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Load data from Mixpanel to PostgreSQL

01. Extract Data from Mixpanel

  • 01. Extract Data from Mixpanel
  • 02. Prepare Data
  • 03. Load Data
  • 04. Updating Data
  • 05. Extract Data

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This post helps you with loading your data from Mixpanel to PostgreSQL. If you are looking to get analytics-ready data without the manual hassle, you can integrate Mixpanel to PostgreSQL with RudderStack, so you can focus on what matters, getting value out of your business data.

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Extract data from Mixpanel

Mixpanel is an analytics-as-a-service application, so naturally, it requires data to offer its analytics features. We usually think of it as a consumer of data and not a place where we would get our data in order to do perform analysis. But Mixpanel collects a lot of data related to how your customers use your product, and in the case where you would like to do anything that also involves data from others sources, you really have two choices.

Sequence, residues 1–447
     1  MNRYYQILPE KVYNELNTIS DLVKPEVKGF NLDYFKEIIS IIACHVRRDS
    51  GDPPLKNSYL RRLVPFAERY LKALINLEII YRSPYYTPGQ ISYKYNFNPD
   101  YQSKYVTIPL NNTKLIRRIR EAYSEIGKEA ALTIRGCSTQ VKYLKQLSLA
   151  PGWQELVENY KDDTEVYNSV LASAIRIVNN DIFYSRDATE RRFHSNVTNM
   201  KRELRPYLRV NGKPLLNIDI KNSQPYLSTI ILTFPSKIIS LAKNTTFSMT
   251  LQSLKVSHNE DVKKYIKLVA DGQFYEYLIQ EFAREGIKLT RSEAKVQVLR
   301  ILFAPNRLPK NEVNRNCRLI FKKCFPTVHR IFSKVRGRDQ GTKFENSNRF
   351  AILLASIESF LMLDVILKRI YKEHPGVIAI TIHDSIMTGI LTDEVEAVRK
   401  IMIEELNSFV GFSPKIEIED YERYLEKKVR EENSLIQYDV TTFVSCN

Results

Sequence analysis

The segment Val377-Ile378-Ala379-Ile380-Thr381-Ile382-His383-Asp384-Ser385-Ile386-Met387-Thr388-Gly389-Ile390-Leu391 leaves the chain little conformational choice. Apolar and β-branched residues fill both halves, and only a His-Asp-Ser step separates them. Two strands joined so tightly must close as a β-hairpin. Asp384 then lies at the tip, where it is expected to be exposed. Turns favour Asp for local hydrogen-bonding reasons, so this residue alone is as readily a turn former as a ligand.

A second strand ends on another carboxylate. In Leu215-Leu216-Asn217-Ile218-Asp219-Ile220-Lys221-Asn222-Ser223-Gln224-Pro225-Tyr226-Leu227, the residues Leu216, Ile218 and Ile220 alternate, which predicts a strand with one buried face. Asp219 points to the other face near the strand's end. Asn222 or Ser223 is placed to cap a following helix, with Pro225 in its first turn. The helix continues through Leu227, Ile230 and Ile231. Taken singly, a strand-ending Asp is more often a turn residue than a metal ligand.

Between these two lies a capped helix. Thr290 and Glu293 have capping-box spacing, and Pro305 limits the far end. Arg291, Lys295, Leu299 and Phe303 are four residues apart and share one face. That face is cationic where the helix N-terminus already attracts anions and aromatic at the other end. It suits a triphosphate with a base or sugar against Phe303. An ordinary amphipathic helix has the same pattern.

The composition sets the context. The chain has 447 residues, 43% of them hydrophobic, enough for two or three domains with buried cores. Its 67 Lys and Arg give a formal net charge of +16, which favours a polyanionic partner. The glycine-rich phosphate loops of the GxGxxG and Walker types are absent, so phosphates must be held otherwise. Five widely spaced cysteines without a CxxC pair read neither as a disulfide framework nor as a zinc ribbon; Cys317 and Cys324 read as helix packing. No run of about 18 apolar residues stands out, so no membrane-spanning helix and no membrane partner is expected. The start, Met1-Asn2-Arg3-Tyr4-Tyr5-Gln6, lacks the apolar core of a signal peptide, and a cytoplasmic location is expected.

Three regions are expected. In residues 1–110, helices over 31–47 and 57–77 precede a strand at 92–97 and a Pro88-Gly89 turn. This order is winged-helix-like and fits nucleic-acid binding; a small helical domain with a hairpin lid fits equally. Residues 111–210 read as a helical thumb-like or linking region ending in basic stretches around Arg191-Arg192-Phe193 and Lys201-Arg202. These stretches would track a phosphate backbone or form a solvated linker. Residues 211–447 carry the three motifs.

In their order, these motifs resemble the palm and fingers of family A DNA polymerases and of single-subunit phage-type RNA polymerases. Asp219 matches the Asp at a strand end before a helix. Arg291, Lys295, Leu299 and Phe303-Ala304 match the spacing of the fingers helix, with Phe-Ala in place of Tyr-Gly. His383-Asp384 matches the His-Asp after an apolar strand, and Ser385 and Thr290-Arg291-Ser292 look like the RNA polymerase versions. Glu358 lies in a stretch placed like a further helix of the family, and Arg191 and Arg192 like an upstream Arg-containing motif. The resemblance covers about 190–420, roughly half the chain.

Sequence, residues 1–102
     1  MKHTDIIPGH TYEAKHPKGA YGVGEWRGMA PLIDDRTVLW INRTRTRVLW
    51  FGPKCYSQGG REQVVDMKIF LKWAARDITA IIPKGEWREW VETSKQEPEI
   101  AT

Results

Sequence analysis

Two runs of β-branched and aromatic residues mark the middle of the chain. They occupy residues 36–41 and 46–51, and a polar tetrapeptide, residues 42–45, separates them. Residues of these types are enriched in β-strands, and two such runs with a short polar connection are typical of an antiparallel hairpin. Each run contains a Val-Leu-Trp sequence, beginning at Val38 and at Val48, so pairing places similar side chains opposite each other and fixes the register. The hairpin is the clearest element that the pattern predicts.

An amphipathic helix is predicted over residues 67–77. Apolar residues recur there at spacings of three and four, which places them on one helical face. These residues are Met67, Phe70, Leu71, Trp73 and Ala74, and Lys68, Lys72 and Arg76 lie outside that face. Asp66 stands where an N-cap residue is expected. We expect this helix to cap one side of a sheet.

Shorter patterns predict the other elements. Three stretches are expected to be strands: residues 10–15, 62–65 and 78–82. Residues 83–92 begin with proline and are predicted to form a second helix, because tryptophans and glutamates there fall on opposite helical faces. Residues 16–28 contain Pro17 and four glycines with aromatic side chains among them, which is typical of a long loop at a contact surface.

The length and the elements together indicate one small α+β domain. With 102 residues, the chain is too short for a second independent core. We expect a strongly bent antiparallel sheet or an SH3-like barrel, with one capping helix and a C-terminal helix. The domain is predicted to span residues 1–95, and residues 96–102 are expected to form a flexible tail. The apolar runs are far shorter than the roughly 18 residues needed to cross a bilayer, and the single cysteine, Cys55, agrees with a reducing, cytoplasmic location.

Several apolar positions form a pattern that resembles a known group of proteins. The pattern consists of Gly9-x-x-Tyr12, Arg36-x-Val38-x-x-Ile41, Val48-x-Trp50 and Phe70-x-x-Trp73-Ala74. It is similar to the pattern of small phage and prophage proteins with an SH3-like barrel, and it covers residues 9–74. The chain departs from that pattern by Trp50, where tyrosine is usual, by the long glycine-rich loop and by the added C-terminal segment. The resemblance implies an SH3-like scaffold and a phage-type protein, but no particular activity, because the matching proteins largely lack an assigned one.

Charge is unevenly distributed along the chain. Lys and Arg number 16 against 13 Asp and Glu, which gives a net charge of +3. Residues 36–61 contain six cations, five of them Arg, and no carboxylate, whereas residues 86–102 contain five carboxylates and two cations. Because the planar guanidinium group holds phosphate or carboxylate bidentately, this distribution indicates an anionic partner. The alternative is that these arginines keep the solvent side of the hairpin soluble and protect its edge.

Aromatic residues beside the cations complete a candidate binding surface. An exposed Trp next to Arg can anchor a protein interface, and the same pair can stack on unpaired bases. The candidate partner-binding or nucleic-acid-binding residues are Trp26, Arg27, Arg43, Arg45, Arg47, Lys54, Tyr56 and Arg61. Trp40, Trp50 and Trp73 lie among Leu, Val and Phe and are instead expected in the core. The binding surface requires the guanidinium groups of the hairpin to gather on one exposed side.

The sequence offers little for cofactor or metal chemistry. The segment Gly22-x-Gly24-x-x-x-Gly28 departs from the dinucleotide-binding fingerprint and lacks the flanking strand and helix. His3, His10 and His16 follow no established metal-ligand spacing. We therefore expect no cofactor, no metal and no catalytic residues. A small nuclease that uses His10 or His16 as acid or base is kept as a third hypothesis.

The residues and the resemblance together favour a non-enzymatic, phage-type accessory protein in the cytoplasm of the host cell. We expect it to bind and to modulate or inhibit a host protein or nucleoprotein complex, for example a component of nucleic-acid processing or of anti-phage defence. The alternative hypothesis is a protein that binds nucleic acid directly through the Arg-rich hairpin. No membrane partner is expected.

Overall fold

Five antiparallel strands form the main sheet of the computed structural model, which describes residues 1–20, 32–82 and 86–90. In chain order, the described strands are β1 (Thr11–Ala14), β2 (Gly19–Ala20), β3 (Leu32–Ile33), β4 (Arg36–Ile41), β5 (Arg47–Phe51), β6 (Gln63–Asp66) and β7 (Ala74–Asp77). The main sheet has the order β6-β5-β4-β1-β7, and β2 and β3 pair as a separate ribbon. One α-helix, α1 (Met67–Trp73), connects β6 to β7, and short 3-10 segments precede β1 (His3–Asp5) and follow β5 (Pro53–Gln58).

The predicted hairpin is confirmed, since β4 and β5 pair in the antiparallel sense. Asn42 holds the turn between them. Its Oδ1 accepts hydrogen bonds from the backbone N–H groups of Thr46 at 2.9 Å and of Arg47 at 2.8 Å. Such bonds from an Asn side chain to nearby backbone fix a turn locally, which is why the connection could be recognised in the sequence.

The first one is to enrich the data of Mixpanel with data coming from other sources and the second one is to extract the data Mixpanel holds for you and load it on a data warehousing repository for further analysis. This post will consider the second case.

Mixpanel is evolving into a platform where apart from the analytics services that it offers, you will also be able to build applications that are integrated with it. In this post, we will work only with the Export API which purpose is to allow us to export our data from Mixpanel.

As a web API, you can access it using by using tools like CURL or Postman or your favorite http client for the language or framework of your choice. Some options are the following:

  • Apache HttpClient for Java
  • Spray-client for Scala
  • Hyper for Rust
  • Ruby rest-client
  • Python http-client

Or you can use the libraries/SDKs that Mixpanel offers for the following languages:

  • Python
  • PHP
  • Ruby
  • Javascript

As a RESTful API, it offers the following resources that you can interact with:

Annotations